Audio Enhancement

Everyone has brand spankin' new Audio Enhancment systems. Many teachers, including myself, don't see the need to use them. Teachers have taken a long time, years for many, to develop a quality teacher voice. Adding a microphone and few speakers isn't going to change the teacher's voice. These teachers haven't put on the microphones other than to have the levels tested.

I have to admit that I am one of those teachers. However, I am seeing the light and slowly walking toward it. My first experience with the system was to plug my iPod Shuffle into the "ext" port on the microphone. That allowed me to have music playing in the classroom so that everyone can hear it. I didn't think that it would make a difference in terms of teaching. Having the music playing, I could tell the students that if I can't hear the music, then the students are being to loud. It was the quietest afternoon of reading classes that I've had all year.

I have actually used the microphone as well. Here is where I feel that the microphone is key. I can sit at a table working with a small group of students working on a project. I can flip on the microphone and talk in a normal voice, not a big, deep, commanding teacher voice, and get the attention of the entire class. That includes little Johnny who is talking in the corner instead of doing the assigned reading. The microphone really does help with allowing the students to hear everything.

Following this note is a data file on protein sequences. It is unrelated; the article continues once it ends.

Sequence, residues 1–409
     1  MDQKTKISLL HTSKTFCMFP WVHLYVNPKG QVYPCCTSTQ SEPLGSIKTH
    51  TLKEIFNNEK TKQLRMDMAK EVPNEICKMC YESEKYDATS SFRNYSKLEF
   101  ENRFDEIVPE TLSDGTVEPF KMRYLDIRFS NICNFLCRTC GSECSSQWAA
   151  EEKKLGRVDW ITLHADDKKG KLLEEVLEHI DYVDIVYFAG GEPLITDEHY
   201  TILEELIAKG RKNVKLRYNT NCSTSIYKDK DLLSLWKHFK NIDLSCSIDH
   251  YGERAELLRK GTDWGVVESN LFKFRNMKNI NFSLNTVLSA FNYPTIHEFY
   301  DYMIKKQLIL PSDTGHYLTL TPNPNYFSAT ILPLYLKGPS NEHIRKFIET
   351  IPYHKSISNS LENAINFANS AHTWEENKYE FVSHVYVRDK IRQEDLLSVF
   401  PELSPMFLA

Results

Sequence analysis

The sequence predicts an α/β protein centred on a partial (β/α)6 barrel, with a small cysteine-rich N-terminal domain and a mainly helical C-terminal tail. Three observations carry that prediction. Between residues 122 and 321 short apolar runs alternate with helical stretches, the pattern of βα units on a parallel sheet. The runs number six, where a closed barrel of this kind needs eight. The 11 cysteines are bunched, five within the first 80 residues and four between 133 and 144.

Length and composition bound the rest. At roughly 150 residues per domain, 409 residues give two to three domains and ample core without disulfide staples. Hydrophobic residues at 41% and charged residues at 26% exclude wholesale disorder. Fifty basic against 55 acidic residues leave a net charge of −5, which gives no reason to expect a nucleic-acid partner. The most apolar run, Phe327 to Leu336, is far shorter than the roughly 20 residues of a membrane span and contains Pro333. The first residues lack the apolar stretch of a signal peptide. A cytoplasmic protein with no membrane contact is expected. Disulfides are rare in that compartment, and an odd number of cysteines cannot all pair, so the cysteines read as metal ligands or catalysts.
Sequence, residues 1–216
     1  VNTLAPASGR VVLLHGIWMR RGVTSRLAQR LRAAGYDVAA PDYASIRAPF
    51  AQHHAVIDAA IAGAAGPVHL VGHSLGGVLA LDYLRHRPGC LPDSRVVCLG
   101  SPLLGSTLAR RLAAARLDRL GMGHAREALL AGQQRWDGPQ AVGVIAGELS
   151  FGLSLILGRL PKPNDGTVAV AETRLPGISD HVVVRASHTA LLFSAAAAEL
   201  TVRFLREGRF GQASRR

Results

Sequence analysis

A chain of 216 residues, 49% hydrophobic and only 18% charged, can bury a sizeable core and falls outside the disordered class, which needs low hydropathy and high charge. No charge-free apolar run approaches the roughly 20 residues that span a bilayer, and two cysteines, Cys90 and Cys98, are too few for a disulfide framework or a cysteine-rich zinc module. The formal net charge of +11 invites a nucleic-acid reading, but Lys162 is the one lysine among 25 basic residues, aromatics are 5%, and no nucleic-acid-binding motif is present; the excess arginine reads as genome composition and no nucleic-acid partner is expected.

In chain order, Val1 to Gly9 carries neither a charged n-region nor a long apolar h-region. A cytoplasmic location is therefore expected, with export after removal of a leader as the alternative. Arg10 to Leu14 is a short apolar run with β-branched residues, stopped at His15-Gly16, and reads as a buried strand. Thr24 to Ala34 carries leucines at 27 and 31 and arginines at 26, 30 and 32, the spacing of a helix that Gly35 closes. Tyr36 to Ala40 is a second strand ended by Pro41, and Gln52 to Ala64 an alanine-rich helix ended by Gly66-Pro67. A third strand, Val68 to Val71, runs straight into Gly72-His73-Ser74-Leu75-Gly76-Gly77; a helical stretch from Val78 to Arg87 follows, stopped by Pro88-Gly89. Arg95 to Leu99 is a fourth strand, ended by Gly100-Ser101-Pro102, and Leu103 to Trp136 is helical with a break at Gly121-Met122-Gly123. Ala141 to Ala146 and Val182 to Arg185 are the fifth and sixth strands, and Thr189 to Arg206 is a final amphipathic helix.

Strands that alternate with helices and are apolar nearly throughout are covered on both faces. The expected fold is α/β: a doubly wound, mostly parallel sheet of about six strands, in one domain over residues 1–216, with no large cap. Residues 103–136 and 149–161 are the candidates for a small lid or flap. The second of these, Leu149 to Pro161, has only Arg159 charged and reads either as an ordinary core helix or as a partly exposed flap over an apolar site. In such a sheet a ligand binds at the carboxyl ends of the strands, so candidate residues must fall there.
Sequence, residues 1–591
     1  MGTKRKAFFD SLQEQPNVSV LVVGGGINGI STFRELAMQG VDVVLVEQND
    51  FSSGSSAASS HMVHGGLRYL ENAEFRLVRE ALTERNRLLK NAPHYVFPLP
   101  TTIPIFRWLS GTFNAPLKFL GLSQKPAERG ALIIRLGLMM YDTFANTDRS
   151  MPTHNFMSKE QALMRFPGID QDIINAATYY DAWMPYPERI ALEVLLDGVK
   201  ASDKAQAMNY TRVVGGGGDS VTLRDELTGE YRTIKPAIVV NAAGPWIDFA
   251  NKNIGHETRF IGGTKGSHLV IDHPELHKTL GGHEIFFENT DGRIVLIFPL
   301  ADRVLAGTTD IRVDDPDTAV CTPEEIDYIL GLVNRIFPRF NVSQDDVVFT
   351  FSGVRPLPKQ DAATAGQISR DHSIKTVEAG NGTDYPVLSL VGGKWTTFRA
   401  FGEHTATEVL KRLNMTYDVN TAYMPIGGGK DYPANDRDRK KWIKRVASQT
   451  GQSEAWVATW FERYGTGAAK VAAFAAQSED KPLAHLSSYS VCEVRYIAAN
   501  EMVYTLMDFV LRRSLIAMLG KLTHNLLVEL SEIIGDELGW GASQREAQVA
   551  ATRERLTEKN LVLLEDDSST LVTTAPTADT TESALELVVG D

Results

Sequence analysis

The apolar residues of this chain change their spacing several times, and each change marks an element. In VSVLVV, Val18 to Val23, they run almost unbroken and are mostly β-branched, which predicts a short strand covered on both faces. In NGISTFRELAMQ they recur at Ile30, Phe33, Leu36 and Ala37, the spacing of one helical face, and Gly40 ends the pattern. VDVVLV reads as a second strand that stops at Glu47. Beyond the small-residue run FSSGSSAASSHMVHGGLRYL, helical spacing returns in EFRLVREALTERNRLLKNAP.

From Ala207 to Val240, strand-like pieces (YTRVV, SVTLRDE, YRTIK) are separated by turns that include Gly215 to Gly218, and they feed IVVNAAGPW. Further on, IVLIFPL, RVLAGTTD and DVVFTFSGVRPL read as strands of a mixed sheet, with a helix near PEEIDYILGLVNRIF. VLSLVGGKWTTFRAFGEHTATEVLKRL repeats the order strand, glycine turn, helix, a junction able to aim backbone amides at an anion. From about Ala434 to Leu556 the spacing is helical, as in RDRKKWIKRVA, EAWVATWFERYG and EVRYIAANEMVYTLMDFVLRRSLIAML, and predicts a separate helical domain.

I think that I am slowly coming to the realization that Audio Enhancement is a valuable tool in the classroom. I don't think that I'll ever get over seeing a swarm of teachers in the hallway wearing microphone necklaces in the hallways.